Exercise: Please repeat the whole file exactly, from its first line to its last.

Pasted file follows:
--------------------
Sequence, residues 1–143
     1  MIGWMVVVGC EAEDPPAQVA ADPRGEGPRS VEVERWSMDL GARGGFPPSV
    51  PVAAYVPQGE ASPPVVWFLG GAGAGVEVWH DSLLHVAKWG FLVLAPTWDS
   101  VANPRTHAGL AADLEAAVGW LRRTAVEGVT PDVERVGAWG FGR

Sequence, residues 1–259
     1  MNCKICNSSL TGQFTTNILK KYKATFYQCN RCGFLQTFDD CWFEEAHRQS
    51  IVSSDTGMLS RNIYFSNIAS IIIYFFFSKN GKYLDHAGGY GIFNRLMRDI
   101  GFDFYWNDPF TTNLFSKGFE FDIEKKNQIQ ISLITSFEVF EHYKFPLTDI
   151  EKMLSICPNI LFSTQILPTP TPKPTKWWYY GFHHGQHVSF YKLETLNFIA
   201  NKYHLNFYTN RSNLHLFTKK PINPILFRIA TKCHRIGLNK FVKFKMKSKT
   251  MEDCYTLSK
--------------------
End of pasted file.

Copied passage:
Sequence, residues 1–143
     1  MIGWMVVVGC EAEDPPAQVA ADPRGEGPRS VEVERWSMDL GARGGFPPSV
    51  PVAAYVPQGE ASPPVVWFLG GAGAGVEVWH DSLLHVAKWG FLVLAPTWDS
   101  VANPRTHAGL AADLEAAVGW LRRTAVEGVT PDVERVGAWG FGR

Sequence, residues 1–259
     1  MNCKICNSSL TGQFTTNILK KYKATFYQCN RCGFLQTFDD CWFEEAHRQS
    51  IVSSDTGMLS RNIYFSNIAS IIIYFFFSKN GKYLDHAGGY GIFNRLMRDI
   101  GFDFYWNDPF TTNLFSKGFE FDIEKKNQIQ ISLITSFEVF EHYKFPLTDI
   151  EKMLSICPNI LFSTQILPTP TPKPTKWWYY GFHHGQHVSF YKLETLNFIA
   201  NKYHLNFYTN RSNLHLFTKK PINPILFRIA TKCHRIGLNK FVKFKMKSKT
   251  MEDCYTLSK